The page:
“This is crucial because understanding how we assessed the threat then impacts directly on how we use our resources and carry out our assessments today and in the future,” said Mr Pantucci.

The solicitor who served the coroner during the 2010-2011 inquest into the London bombings has told Sky News: “Lady Justice Hallett considered evidence on a range of topics having received submissions on what these should comprise.

“These submissions were received from all interested persons, including the 52 bereaved families, and led her to conclude that her investigation would be wide in scope and that it would include the background of the bombers and alleged intelligence failings in decisions taken in relation to them.”

Sky News has asked the Home Office for a response to why the Mike’s Place bombing – carried out by Britain’s first ever suicide bombers – did not feature in the timeline of the “evolving terrorist threat” featured in its 2006 official account of 7/7.

No response has been offered at the time of writing.

The Metropolitan Police were asked whether the information provided to the BBC in 2006 by Kursheed Fiaz, regarding the links between Khan and the Mike’s Place bombers, was followed-up or formed part of their post-7/7 accounts of Khan’s background.

In a written response a spokesperson said “we are not prepared to discuss the questions you put to us”.



Israel closes probe on killing four Gaza children

Israel says it has dropped a judicial investigation into one of the regime’s deadly airstrikes on the Gaza Strip which claimed the lives of four children.

“The … case has been closed following the completion of a criminal investigation,” read the statement issued by the Israeli military on Thursday, claiming that the decision was made after “an extensive number of documents relating to the attack were reviewed,” including “video footage documenting the attack in real time, as well as media images.”

The military also alleged to have collected testimonies from the Israeli soldiers and officers “who were involved in the planning and execution of the attack” and also from Gaza residents, ruling that the Israeli troops cannot be held accountable for the cold-blooded murder.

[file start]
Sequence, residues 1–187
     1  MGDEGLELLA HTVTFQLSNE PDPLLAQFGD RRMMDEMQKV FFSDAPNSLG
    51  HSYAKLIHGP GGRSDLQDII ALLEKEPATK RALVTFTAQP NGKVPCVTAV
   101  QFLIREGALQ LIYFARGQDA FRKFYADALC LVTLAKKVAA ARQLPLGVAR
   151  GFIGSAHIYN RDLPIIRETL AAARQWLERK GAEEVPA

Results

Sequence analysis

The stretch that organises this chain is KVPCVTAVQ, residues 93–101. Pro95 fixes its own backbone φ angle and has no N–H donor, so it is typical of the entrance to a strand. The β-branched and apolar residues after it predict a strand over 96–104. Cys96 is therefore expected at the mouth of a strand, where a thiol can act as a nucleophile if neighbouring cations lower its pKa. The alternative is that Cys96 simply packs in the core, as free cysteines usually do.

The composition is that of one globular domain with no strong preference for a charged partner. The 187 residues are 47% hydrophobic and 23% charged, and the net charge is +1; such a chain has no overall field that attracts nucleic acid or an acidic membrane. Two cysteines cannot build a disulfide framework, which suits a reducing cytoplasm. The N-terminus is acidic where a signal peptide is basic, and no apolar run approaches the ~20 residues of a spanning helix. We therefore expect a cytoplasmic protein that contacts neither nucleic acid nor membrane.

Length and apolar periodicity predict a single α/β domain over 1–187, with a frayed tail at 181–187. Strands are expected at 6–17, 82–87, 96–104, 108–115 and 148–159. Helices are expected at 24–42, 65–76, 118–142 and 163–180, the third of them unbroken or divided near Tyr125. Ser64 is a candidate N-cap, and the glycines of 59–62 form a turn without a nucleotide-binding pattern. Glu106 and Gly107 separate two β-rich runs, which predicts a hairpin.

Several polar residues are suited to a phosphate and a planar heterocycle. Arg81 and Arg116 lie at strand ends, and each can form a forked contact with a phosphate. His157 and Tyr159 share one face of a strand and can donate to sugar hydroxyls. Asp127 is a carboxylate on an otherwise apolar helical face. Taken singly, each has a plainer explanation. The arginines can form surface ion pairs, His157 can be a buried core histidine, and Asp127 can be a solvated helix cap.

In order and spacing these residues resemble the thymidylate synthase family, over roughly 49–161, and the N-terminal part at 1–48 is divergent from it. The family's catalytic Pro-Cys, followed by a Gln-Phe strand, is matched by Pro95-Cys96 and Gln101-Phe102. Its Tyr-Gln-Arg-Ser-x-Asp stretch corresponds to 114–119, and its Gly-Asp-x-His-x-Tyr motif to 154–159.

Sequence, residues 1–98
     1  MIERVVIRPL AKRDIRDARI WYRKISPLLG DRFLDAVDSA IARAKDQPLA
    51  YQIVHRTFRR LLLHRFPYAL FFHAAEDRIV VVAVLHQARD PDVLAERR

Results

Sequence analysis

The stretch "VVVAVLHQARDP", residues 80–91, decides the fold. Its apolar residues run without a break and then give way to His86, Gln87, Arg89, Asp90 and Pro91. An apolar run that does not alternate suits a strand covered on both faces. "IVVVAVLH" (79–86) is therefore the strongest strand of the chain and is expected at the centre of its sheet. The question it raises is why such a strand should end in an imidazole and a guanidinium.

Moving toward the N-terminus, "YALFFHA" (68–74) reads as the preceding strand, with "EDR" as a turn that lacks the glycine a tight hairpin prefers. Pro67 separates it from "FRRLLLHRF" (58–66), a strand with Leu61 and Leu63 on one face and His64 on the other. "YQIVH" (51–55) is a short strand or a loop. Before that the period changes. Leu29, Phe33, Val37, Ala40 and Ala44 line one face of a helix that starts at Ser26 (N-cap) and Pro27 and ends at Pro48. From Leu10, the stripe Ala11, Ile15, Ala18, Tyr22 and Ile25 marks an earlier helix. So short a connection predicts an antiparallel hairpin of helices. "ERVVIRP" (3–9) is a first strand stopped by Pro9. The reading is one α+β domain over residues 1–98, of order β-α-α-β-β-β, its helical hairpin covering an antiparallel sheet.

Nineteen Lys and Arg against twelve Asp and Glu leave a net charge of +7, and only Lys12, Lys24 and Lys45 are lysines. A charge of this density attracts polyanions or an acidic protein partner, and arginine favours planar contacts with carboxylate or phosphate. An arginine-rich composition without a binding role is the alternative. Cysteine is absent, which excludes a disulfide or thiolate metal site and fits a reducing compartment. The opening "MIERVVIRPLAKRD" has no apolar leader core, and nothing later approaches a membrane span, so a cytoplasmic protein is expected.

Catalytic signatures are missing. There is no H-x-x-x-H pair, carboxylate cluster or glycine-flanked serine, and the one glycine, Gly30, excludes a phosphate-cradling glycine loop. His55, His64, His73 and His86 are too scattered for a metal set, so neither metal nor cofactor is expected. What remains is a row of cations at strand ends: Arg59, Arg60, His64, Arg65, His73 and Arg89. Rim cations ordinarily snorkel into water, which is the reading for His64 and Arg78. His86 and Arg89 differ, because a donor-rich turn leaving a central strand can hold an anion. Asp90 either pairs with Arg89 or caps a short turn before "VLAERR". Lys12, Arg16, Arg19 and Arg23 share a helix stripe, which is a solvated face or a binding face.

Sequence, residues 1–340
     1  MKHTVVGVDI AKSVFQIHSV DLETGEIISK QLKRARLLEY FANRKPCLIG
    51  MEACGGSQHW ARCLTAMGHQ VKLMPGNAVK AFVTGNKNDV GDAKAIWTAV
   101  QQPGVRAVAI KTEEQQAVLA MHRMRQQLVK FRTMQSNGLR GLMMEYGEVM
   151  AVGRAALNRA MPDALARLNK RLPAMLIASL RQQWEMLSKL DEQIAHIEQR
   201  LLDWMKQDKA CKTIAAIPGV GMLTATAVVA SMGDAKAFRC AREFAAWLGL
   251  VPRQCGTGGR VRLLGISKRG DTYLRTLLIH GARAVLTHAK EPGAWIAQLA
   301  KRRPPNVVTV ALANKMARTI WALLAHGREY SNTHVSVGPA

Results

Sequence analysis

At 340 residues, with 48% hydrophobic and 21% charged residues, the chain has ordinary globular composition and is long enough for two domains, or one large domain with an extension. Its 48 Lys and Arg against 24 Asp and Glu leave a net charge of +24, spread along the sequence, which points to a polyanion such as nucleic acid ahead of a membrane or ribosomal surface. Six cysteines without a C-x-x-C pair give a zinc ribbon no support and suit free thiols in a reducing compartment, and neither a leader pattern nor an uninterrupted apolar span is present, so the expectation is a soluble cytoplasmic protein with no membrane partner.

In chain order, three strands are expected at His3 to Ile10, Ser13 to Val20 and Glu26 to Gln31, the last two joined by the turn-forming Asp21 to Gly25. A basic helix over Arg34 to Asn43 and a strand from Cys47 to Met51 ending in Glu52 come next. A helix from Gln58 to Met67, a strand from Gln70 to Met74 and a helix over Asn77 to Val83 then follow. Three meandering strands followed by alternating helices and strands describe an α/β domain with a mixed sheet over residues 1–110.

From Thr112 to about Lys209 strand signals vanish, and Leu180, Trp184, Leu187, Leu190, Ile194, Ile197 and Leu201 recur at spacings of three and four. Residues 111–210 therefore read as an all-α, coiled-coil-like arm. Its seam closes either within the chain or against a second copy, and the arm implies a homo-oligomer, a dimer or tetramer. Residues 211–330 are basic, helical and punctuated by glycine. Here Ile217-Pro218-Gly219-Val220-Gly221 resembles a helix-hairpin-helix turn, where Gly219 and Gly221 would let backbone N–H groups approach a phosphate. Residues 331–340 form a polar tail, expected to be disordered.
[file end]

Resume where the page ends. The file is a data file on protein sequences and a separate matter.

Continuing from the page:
“From the factual findings collected by the investigators, it revealed that the incident took place in an area that had long been known as a compound belonging to Hamas’s Naval Police and Naval Force,” the statement went on to say.

This is while a reporter for the British daily The Guardian, who witnessed the killing, said that no effort had been made on the part of the Israeli officials to take his testimony.

On July 16, 2014, the Israeli army carried out airstrikes on Gaza beach where Palestinian children were playing, killing four of them aged between 9 and 11.

Reports also said that the Palestinian authorities aim to present the incident to the International Criminal Court as an evidence of the war crimes committed by the Tel Aviv regime.

A Palestinian man mourns the death of his child killed in an Israeli airstrike on the Gaza Strip, August 21, 2014. (AFP)

Meanwhile, the families of the Palestinian children killed in the Israeli attack on the Gaza beach last year called for an investigation into the case by the International Criminal Court.

The Israeli military also dropped legal proceedings over two other deadly attacks on a residential compound in central Gaza City and also on the southern town of Khan Yunis, which claimed the lives of over 20 Palestinian civilians. Both raids were carried out in July last year.

Last summer, the Tel Aviv regime launched a brutal attack against the besieged coastal sliver, killing 2,140 Palestinians, including 557 children.

The aggression also left 11,100 Palestinians wounded, including 3,374 children and 2,088 women, and displaced over 170,000 others.